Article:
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Wally: Would you rather eat garbage or listen to our boss talk about his weekend? Dilbert: I'd have to know more about the garbage to make that decision. Wally: Let's say it's mostly kitchen stuff. Dilbert: Am I eating it from the can or fighting birds for it?
Catbert: The one called Dilbert is showing signs of happiness at work. Boss: That means we can give him more work and he won't quit. Excellent. Is anyone else exhibiting signs of unauthorized happiness? Catbert: No. Everyone else is in the narrow band of misery you want them to be in. If they were any happier, it would mean you're overpaying them. If they were any less happy, the would take their own lives. If you don't hear any laughing or screaming, it means you're doing something right. Boss: What about moans? Catbert: Moans are ideal. That's the sweet spot.
Dilbert: If we move this button to here, people are more likely to see it. Man: Ha ha! OMG. LOL. So you think every person in the universe is blind? I can't wait to tell everyone that Dilbert thinks people have no eyes. The pure craziness of what you are saying is mid-boggling. Do you have any scientific proof that moving that button would not cause a nuclear holocaust? Dilbert: Everything you just said is dumb and unproductive, and I hate every molecule in your useless body. What's wrong with people? Dogbert: I keep tell you, it's everything.
Dilbert: Do you have any comments on the contract I emailed to you? Robot: Adjudicate the continuance of due diligence until an injunction repudiates the covenants. Dilbert: I was hoping for comments that make sense. Robot: You're thinking of a more expensive robot.
Boss: Why can't we innovate as quickly as our competition? Dilbert: Maybe it's because our management is like a family of squirrels that lives inside an old tree. Boss: Can you be more specific? Dilbert: It's a Goodyear tire with five grey squirrels.
Boss: I don't like the optics of your plan. Dilbert: It's the only plan that can work. Should I change it to something that looks good but won't work? Boss: Excellent idea. You might have more management potential than I though.
Man: Did you read my email? Dilbert: No, it was too long. Man: Maybe you could read it when you have more time. Dilbert: I never have time to read email messages that are too long. Maybe you could rewrite it to be shorter. Man: I don't have time to rewrite it. Dilbert: And I don't have time to read it. Man: If no one reads that email, it will mean I wasted two hours writing it. Dilbert: Plus, you're wasting my time right now. Don't forget to include that in your failure assessment. Man: I had high hopes for that email. Dilbert: It's a sunk cost. Let it go.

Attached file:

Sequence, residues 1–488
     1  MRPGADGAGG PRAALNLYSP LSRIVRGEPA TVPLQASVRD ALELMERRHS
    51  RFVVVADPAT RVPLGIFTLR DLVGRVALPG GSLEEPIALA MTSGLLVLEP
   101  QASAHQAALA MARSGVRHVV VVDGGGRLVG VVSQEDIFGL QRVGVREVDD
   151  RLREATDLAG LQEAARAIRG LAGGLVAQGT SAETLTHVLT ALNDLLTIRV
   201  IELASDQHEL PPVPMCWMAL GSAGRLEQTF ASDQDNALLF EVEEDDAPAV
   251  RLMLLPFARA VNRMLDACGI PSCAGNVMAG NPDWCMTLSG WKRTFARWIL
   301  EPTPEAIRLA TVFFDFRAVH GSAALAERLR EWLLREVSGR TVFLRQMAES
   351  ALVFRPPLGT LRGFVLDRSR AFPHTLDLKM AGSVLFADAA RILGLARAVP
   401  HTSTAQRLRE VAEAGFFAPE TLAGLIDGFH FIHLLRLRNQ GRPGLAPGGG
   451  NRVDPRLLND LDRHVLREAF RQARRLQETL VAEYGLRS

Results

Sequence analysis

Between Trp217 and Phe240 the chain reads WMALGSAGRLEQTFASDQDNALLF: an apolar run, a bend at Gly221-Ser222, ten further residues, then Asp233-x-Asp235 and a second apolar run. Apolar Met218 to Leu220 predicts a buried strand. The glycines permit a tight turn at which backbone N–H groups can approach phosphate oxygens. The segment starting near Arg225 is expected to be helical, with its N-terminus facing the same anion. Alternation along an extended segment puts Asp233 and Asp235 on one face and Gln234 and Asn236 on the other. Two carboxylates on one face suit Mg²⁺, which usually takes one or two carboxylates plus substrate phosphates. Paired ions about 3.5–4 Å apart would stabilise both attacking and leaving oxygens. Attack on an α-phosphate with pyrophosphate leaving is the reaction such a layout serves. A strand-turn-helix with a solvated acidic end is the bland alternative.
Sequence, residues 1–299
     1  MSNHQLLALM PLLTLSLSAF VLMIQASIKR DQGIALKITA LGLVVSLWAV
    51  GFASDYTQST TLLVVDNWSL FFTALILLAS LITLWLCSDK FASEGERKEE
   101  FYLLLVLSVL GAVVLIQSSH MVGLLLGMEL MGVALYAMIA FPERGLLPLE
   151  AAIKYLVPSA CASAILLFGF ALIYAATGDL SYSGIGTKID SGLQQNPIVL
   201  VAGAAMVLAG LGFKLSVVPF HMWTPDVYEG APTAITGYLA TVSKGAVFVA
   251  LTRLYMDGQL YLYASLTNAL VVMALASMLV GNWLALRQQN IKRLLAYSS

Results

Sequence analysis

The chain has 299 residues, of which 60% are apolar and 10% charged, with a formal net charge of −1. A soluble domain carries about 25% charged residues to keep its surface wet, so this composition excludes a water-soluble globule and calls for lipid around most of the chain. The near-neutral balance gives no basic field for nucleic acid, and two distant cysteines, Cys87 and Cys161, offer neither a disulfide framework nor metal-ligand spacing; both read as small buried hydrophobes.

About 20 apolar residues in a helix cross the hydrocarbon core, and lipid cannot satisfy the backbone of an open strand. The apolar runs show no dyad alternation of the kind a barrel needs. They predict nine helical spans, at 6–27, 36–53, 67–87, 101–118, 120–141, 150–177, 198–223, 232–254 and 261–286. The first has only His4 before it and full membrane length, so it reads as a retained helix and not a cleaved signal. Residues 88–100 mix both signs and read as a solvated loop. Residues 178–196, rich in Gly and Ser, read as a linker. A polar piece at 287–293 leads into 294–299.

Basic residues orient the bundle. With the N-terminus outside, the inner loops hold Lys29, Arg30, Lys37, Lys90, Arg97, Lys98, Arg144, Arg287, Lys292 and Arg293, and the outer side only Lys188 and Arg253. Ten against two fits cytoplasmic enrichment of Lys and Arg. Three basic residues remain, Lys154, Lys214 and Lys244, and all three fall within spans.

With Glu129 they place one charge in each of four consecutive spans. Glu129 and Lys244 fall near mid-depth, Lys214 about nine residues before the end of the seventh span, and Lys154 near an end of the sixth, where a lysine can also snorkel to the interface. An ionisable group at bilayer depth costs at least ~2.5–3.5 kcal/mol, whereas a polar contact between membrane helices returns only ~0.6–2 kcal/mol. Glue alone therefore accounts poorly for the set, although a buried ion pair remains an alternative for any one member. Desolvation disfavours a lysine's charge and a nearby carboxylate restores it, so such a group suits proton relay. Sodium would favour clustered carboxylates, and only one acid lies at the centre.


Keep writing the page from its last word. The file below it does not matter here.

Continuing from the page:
Alice: I'm updating your boyfriend code to make you a better listener. I want to see more nodding and less talking. Robot: But I have so much to offer. Alice: I'll dial back your ego, too.
Boss: I'd like to thank each member of the product team for the successful launch. Dilbert wrote the software. Alice designed the hardware. And Wally... um... Wally: Attended most of the meetings. Boss: That's all you did? Wally: I also played devil's advocate. Dilbert: You didn't say a word during our meetings for seven months. Wally: That's because you were doing everything right. Boss: Did you really do nothing for seven months? Wally: This is one of those "less is more" situations.
Boss; Ted, we need a volunteer to test the time machine prototype. Ted: Is it safe? Boss: Of course it is. Would I ask you to risk your life if it were not safe? Ted: Yes. Boss: Oh, I didn't realize you knew that. But don't worry. The engineering consensus is that it will work. Dilbert: You will return to this exact spot in one day. Alice: Does our location algorithm account for planetary movement? Ted: I should have asked more questions.